Symbols are objects, characters, figures, and colors used to represent abstract ideas or concepts.


Blood is everywhere in Macbeth, beginning with the opening battle between the Scots and the Norwegian invaders, which is described in harrowing terms by the wounded captain in Act 1, scene 2. Once Macbeth and Lady Macbeth embark upon their murderous journey, blood comes to symbolize their guilt, and they begin to feel that their crimes have stained them in a way that cannot be washed clean. “Will all great Neptune’s ocean wash this blood / Clean from my hand?” Macbeth cries after he has killed Duncan, even as his wife scolds him and says that a little water will do the job (2.2.58–59). Later, though, she comes to share his horrified sense of being stained: “Out, damned spot; out, I say . . . who would have thought the old man to have had so much blood in him?” she asks as she wanders through the halls of their castle near the close of the play (5.1.30–34). Blood symbolizes the guilt that sits like a permanent stain on the consciences of both Macbeth and Lady Macbeth, one that hounds them to their graves.

The Weather

As in other Shakespearean tragedies, Macbeth’s grotesque murder spree is accompanied by a number of unnatural occurrences in the natural realm. From the thunder and lightning that accompany the witches’ appearances to the terrible storms that rage on the night of Duncan’s murder, these violations of the natural order reflect corruption in the moral and political orders.


Sleep symbolizes the ignorance that many characters find themselves facing throughout the play, and the ways in which this leaves them vulnerable. Murdered while he sleeps, Duncan is quite literally unaware of the danger he is in. Likewise, Lady Macbeth frames Duncan’s own servants, themselves also sleeping. Both actions suggest sleep poses a threat to the characters by rendering them exposed and defenseless. However, it's clear sleep is also necessary; Macbeth thinks he hears a voice saying that he has murdered sleep, highlighting the idea that, having taken advantage of this time of rest and vulnerability and, essentially, Duncan's trust, he has shattered his own mental order and resigned himself to a place of never being able to fully rest again. Disturbed by his own schemes, Macbeth is forced to continue living a life that will always be plagued by his own fractured morals. This is also echoed by Lady Macbeth’s sleepwalking habit as she wanders between the world of order and disorder. It is in these fugue states that she is quickest to emphasize her culpability, as she attempts to free herself from the images of her blood-stained hands, ranting about her and Macbeth’s guilt. Straddling the lines between the conscious and the unconscious, Lady Macbeth occupies a world of mangled sleep that reveals itself as only madness. Ironcally, having taking advantage of (and corrupted) the realm of sleep, Macbeth and Lady Macbeth find their own sleep forever tainted.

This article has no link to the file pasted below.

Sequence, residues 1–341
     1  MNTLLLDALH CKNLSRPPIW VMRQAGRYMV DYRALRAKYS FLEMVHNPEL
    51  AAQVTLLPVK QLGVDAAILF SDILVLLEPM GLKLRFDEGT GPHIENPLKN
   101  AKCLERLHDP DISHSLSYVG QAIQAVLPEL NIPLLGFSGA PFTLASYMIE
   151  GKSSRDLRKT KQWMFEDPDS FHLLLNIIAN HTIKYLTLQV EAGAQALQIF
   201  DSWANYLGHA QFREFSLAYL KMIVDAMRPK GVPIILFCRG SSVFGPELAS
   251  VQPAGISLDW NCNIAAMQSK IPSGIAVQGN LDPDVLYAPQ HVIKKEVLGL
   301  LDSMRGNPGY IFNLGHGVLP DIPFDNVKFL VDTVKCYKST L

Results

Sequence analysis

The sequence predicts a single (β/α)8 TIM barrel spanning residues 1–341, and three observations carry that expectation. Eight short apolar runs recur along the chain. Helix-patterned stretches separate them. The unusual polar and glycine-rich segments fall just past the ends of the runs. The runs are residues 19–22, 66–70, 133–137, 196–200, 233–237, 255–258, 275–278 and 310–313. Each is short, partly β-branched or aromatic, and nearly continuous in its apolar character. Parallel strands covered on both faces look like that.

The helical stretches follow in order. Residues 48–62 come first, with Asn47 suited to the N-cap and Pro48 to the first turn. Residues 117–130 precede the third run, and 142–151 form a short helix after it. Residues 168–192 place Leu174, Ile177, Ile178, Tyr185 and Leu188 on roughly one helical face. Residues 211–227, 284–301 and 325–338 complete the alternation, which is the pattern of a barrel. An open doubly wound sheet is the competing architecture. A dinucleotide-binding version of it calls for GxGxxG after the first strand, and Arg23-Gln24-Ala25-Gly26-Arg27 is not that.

Sleep also promotes the notion of a spiritual world far beyond the everyday experience of the characters. The three witches offer a hazy middle ground, seemingly only functioning in the halfway space between dreams and waking. Theirs is a realm of prophecy and riddle, where everything they utter could be taken as either direct statements of what will come to pass, transmitted from their netherworld of augury, or merely as ways to toy with the vulnerability of mortals. While this is never given a clear-cut distinction, they continue to support both the appeal and the terror of a space beyond that of everyday waking life.